The impeachment inquiry against President Donald Trump enters a dramatic new phase this week, with the first public hearings scheduled to begin Wednesday.
Only the fourth president to face a congressional impeachment inquiry, Mr. Trump's congressional probe has some similarities to that which President Richard Nixon faced over the Watergate scandal, which led to his resignation in 1974. Nixon was accused of abusing his office, the same as President Trump.
But there are major differences, besides the differences in both the institutions of government and the media covering them. The Nixon investigation played out slowly and in public, and his legal team had a chance to mount a defense along the way, even though that defense eventually wilted. President Trump's legal team has had limited access to evidence obtained so far in closed proceedings.
Around both presidents swirled accusations of abuse of power and obstruction of justice. Possibly the biggest difference of all, said CBS News chief Washington correspondent Major Garrett, is that; Mr. Trump will not.
Shortly before President Nixon resigned, CBS News' Walter Cronkite said all of Washington anticipated the final act of the Watergate drama: "He is quitting, the ultimate victim of the Watergate scandal that destroyed his administration."
In the face of impeachment pressure now, President Trump sounds defiant and unmovable: "They want to impeach me because it is the only way they are going to win," he said October 21. "They got nothing!"
The Watergate investigation began in the Senate with Democrat Sam Ervin pleading for White House cooperation. "We stand to discuss the matter with you at your convenience," Ervin said.
Today's investigation has House members passing by microphones offering partisan play-by-play. "Things have just gone from very, very bad, to much, much worse," said Representative Adam Schiff, Chairman of the House Intelligence Committee leading the impeachment investigation.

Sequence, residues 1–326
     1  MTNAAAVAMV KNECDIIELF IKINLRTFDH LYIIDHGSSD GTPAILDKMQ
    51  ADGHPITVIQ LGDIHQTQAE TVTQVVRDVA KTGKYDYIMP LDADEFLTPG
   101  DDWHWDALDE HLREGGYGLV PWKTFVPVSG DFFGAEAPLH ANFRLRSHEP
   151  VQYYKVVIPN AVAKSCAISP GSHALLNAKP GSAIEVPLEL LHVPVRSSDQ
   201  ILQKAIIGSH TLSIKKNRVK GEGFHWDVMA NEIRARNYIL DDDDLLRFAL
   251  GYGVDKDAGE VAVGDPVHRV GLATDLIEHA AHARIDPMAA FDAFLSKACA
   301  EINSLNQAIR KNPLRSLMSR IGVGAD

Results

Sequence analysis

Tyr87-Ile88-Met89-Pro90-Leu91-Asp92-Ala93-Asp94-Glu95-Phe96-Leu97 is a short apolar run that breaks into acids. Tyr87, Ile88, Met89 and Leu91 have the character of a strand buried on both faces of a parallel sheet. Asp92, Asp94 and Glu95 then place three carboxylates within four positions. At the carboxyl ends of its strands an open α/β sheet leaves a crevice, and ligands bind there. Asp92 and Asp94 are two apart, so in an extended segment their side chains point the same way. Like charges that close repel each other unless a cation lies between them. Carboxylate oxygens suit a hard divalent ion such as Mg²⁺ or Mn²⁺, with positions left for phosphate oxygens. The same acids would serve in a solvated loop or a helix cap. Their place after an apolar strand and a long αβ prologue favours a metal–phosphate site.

Representative Jim Jordan, a Republican just named to the Intelligence Committee, defended Mr. Trump, calling the investigation into the Ukraine extortion plot a "ridiculous charade that the Democrats are putting him through – you can understand why the president's frustrated."
When President Nixon's impeachment got to the House, more than 400 lawmakers — a bipartisan landslide — voted to authorize the inquiry, led by New Jersey's Peter Rodino.
This time, the impeachment inquiry vote was plainly partisan — almost all Democrats in favor, all voting Republicans opposed.
Two Nixon special prosecutors, Archibald Cox and Leon Jaworski, led the initial Watergate investigations. Evidence was then submitted to Congress. To slow the probe, Nixon fired Cox, creating a debilitating political firestorm.
House Democrat Adam Schiff is the lead investigator now, drawing Mr. Trump's outrage.
"What crooked Schiff is doing, he's a corrupt politician," Mr. Trump said Friday.
Nixon's impeachment focused on a politically-motivated burglary, other political espionage, and a systemic government cover-up. The story emerged over many months.
The current impeachment process, dealing with Ukraine and allegations of dangling military aid for perceived political favors, has moved much faster.
"The greatest difference is that there has been very little evidentiary work that has been done," said CBS News legal analyst Jonathan Turley. "You know the Democrats are going from zero to 60 in about 100 feet."
Turley also said the range of Ukraine-linked misdeeds against Mr. Trump appears smaller than the allegations that doomed Nixon. "It appears they are going to go forward largely on the phone call and the Ukrainian controversy," he said. "If they do that, it will be the narrowest impeachment in history, and they will have one of the most limited evidentiary records in history."
As far as the political implications for Democrats who are investigating a Republican president, Garrett said, "Speed matters. If you move too quickly and the public cannot catch up with the facts you're presenting, you lose, at least you lose in terms of public opinion being moved by the evidence you present the public.
"Also, Democrats have a high standard to meet here. Impeachment is not 'I dislike the president'; it means the president has done something, or will continue to do something, that's a threat to the administration of the office as we understand it. That's a high bar.
"The evidence has to be presented, the public has to see it and evaluate it, before you can move. Democrats at this pace seem to be moving that process much more rapidly than at least previous impeachments have."